Understanding of the pharmacology of neuromuscular blocking drugs
The neuromuscular junction is a chemical communication between the motor neuron and the muscle cell. Vesicles containing ACh are released when activated by Ca2+, and influx of which occurs when the action potential reaches the nerve terminal.
Nictotinic ACh receptors sit on the shoulders of junctional folds of muscle cells, whilst acetylcholinesterase is buried in the clefts.
Factors Affecting Neuromuscular Blockade
|Hepatic Disease||Prolonged duration of aminosteroids and suxamethonium||Decreased metabolism, decreased production of pseudocholinesterase in severe disease|
|Pseudocholinesterase deficiency||Prolonged duration of suxamethonium||Decreased metabolism|
|Age||Increased sensitivity in neonates, particularly premature infants||Incomplete maturation of NMJ|
|Hypokalaemia||Potentiates non-depolarising blockade, reduces depolarising blockade||Increases magnitude of stimulus required to depolarise cell|
|Hyperkalaemia||Potentiate depolarising blockade, reduce non-depolarising blockade||Decreases magnitude of stimulus required to depolarise cell|
|Hypermagnesaemia||Potentiates blockade||Decreases ACh release, decreases sensitivity of post-synaptic membrane|
|Hypocalcaemia||Potentiates blockade||Decreases presynaptic ACH release, decreases sensitivity of post-synaptic membrane|
|Respiratory acidosis||Potentiates blockade||Enhances effect of NMB agents|
|Hypothermia||Potentiates blockade||Reduces hepatic metabolism, renal elimination, Hoffman degradation|
|Hypovolaemia||Slows rate of onset and enhances duration||Prolonged circulation time|
|Myasthenia Gravis||Increased sensitivity to non-depolarising agents||Autoimmune blockade of receptors gives pre-existing level of block|
|Eaton-Lambert Syndrome||Increased sensitivity to all NMBs||Autoimmune destruction of voltage-gated Ca2+ channels prevent ACh vesicle exocytosis|
|Frusemide||Potentiates blockade at low dose, reduces blockade at high dose||Inhibits protein kinases (reducing AMP/ATP synthesis) at low dose, inhibits PDE at high doses which increases ACh release|
|Inhalational anaesthetics||Potentiates blockade||Stabilise post-junctional membrane, blockade of presynaptic ACh receptors|
|Antibiotics||Potentiate blockade||Variable. Aminoglycosides and tetracycles prolong blockade|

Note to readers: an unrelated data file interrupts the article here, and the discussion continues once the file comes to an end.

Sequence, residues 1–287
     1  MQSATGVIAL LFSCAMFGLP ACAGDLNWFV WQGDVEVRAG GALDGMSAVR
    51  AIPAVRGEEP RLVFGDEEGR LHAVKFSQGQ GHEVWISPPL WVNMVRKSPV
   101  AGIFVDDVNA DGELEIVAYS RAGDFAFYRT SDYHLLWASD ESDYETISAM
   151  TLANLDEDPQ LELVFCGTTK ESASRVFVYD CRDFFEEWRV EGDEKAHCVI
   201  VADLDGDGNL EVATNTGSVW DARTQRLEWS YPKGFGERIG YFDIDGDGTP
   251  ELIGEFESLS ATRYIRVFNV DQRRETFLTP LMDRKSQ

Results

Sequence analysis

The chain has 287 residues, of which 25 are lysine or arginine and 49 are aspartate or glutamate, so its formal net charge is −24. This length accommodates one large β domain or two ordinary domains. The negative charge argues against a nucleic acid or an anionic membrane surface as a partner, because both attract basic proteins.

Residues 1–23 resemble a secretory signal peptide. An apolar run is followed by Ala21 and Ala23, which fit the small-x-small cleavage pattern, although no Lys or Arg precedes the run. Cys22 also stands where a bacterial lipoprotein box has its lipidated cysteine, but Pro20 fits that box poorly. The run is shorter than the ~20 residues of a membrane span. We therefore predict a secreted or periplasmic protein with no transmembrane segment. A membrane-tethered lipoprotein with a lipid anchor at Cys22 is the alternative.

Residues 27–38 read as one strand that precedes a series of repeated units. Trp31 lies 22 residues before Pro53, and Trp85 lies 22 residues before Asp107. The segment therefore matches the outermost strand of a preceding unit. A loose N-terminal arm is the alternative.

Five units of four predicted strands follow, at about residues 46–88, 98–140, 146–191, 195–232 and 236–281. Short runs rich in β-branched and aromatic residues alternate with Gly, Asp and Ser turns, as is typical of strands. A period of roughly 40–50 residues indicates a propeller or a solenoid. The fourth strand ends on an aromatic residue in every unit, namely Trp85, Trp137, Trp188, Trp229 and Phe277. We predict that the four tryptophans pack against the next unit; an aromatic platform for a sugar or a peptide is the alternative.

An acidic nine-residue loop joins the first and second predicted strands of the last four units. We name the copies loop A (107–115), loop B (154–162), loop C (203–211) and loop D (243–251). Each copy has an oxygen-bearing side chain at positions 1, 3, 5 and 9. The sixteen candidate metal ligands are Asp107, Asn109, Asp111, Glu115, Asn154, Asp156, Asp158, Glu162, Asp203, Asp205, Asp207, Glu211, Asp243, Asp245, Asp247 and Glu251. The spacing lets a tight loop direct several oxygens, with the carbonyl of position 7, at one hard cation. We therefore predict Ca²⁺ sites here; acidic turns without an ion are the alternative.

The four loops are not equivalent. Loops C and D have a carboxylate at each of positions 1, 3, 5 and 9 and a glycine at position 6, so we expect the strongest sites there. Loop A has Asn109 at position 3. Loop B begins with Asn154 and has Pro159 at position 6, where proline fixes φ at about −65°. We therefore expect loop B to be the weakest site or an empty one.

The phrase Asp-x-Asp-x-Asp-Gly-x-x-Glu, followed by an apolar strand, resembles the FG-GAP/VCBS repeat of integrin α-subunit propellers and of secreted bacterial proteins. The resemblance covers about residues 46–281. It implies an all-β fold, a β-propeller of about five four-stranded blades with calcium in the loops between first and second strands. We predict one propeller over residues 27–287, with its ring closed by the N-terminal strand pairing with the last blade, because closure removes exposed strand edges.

|Local anaesthetics||Potentiate blockade||Reduce ACh release and stabilise post-junctional membrane|
|Anticholinesterases||Reduces blockade||Increase ACH levels at the NMJ by decreasing breakdown|
|OCP||Potentiates depolarising blockade||Competes for binding sites on plasma cholinesterases|
|Ca2+-channel blockers||Potentiate blockade||Inhibit Ca2+ dependent ACh release|
|Lithium||Potentiates blockade||Augments action of NMBs|
Additional Factors Affecting Onset of Neuromuscular Blockade
Most of these can be related to Fick's Law:
|Potency||Low potency decreases time to onset||Bowman's principle: Less potent drugs must be administered in higher doses, and so have a greater concentration gradient driving diffusion to the effect site|
|Dose||Increased dose decreases time to onset||Greater concentration gradient|
|Cardiac Output||High output decreases time to onset||Increased drug delivery|
|Muscle group flow||High muscular flow decreases time to onset||Increased drug delivery|
|Priming Principle||(May) decrease time to onset||A 'priming' dose of non-depolarising blocker is to an awake patient given prior to induction. This occupies less than 70% of receptors, so does not cause significant neuromuscular blockade. After induction, a second dose is given to occupy the remaining receptors and complete blockade.|
- Sterling E, Winstead PS, Fahy BG. Guide to Neuromuscular Blocking Agents. 2007. Anesthesiology News.
- ICU Adelaide. Neuromuscular Blockers.
- Pino RM. Revisiting the Priming Principle for Neuromuscular Blockers: Usefulness for Rapid Sequence Inductions. Austin J Anesthesia and Analgesia. 2014;2(5): 1030.
- ANZCA February/April 2011